In a description of a trip to New Delhi, he was vividly forthcoming about his distaste for the living, breathing individuals who make up a population:
People eating, people washing, people sleeping. People visiting, arguing, and screaming. People thrusting their hands through the taxi window, begging. People defecating and urinating. People clinging to buses. People herding animals. People, people, people, people.
If people, people, people are the primary threat to the natural world, what is the solution? Uncomfortable as it is to say, conservationist and eugenicist theories have long been intertwined. Indeed, in his newly published autobiography, Life: A Journey Through Science and Politics, Ehrlich credits the early-20th-century thinker William Vogt, whom he calls “a liberal conservationist,” as inspiration for his work on population. Here is how Vogt explained his proposal to offer “sterilization bonuses” to the poor:
Since such a bonus would appeal primarily to the world’s shiftless, it would probably have a favorable selective influence. From the point of view of society, it would certainly be preferable to pay permanently indigent individuals, many of whom would be physically and psychologically marginal, $50 or $100 rather than support their hordes of offspring that, by both genetic and social inheritance, would tend to perpetuate the fecklessness.
In the beginning of the previous century, there was simply no contradiction in being a “liberal conservationist” and being a eugenicist. Vogt was the national director for the Planned Parenthood Federation of America, which has recently reckoned with the eugenicist commitments of its founder, Margaret Sanger. The Sierra Club, which was initially led by a number of avowed eugenicists, commissioned Ehrlich to write The Population Bomb and for decades operated a program focused on ways to reduce fertility and immigration.
Now 90 years old, Ehrlich still takes pride in the work he did turning population growth into a global concern, even though the mass famine and pestilence that he predicted in the ’60s never came to pass.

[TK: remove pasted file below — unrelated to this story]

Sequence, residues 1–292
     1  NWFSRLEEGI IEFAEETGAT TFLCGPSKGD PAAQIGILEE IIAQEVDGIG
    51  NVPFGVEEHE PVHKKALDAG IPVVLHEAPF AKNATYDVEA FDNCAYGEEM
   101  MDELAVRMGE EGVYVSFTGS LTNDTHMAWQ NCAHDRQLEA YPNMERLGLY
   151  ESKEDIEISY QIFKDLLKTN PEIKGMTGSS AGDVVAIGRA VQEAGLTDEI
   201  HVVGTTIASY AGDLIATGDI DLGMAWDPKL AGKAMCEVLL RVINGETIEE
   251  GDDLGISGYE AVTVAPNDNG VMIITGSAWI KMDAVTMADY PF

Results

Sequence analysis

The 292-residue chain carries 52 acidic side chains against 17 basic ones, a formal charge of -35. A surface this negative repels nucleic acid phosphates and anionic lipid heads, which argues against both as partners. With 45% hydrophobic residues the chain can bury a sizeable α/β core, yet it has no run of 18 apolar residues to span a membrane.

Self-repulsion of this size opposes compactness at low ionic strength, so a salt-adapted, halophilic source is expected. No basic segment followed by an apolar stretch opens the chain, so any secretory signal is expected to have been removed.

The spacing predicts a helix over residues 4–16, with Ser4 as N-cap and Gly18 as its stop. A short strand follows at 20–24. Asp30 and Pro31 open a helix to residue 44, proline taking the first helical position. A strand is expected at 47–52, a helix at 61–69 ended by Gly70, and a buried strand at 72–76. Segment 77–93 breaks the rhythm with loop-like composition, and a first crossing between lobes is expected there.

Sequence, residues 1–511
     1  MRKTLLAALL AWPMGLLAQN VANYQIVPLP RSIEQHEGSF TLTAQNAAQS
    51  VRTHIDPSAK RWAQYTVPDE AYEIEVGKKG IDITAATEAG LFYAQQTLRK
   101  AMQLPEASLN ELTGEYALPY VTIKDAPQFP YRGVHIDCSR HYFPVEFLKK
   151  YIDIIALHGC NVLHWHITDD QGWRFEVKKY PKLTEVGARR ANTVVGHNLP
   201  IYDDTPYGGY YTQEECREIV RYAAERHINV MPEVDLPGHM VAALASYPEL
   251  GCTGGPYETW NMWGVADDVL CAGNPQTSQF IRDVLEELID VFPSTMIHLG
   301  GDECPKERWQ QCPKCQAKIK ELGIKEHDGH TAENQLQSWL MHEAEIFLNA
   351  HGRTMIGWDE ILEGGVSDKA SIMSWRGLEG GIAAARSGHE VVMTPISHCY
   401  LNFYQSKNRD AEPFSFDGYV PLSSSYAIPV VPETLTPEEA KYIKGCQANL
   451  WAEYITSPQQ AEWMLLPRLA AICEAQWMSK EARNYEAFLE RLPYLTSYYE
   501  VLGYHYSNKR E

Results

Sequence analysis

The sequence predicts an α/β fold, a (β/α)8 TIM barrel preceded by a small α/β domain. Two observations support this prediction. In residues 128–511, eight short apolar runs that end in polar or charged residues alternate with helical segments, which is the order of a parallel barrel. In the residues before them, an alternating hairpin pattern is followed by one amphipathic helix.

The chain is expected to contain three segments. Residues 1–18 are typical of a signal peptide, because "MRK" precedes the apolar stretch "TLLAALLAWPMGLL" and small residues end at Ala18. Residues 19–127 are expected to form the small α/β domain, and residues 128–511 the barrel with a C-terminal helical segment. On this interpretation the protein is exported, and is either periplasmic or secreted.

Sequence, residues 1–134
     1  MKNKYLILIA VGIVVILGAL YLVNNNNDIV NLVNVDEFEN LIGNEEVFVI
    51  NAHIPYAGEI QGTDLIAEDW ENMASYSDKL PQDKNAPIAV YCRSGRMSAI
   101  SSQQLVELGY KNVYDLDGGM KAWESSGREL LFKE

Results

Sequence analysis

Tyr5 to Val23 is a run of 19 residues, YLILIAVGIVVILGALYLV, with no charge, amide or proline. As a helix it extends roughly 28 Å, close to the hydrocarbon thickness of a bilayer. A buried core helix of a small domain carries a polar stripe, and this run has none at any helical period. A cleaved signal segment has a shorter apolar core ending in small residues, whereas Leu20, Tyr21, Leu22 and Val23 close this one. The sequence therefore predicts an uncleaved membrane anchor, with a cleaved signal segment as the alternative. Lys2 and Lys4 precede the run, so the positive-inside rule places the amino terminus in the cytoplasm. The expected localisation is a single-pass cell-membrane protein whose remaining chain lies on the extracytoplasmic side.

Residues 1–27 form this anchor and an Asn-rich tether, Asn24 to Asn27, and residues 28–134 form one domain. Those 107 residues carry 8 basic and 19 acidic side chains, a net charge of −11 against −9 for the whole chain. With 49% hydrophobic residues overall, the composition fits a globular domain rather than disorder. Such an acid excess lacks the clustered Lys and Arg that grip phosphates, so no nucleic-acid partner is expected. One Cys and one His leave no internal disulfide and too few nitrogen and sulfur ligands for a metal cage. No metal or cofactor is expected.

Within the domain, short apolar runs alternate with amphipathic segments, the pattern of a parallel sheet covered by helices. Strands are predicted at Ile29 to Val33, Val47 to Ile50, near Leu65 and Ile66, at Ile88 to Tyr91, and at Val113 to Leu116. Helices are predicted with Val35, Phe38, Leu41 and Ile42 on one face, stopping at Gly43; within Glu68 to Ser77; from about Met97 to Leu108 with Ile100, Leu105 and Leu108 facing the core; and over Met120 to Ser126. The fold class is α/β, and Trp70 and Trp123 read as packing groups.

“I must admit,” he writes in his autobiography, “that in 2019 I was pleased to find an article in a history journal that credited us ‘neo-Malthusians’ with stimulating ‘thinking of the planet as a whole and anticipating its future.’”
And Ehrlich remains a venerated figure. In January of this year, CBS featured Ehrlich on an episode of 60 Minutes on species extinction. The climate scientist Michael Mann called the memoir a “wide-ranging, wondrous, and pleasantly amusing account of his amazing life—as a scientist, thinker, communicator, influencer, and champion for a sustainable world.”
Intellectual descendants of Ehrlich’s in the environmental movement continue to sell old Malthusian wine in new bottles.
Oreskes draws attention to the same problem that Ehrlich did in his day: biodiversity loss associated with high-fertility, low-productivity societies caught in the Malthusian trap. Because subsistence farms have low yields, and because the farmers tend to rely on wood and other biomass for energy, they remain a major driver of deforestation, land-use change, and wildlife extirpation.
In Oreskes’s recent Scientific American op-ed, she acknowledges that her ideas have a tarnished legacy. “Population control is a vexing subject,” she writes, “because in the past it has generally been espoused by rich people (mostly men) instructing people in poor countries (mostly women) on how to behave.” Her workaround is to emphasize educational opportunities as a “reasonable” way to “slow growth.” In an email, Oreskes said that she does not consider herself a Malthusian and that she focuses on education “because we know that it can work, and unlike some other approaches it is good for women, and non-coercive.”
The Overpopulation Project (TOP) also highlights education, arguing that governments in every country should “make population and environmental issues and sex education part of the basic educational curriculum.” Likewise, Population Connection (formerly Zero Population Growth, which Ehrlich co-founded in 1968) develops “K-12 curricula and secondary education materials for teachers and professors so they can easily incorporate population studies into their classes.”
Access to education—in general, or to sex ed and “population studies” in particular—is certainly preferable to Vogt’s forced sterilization. But what about solutions to environmental decline that emphasize better growth instead of slower growth? Solutions such as modern energy infrastructure, high-productivity agriculture, and access to global markets?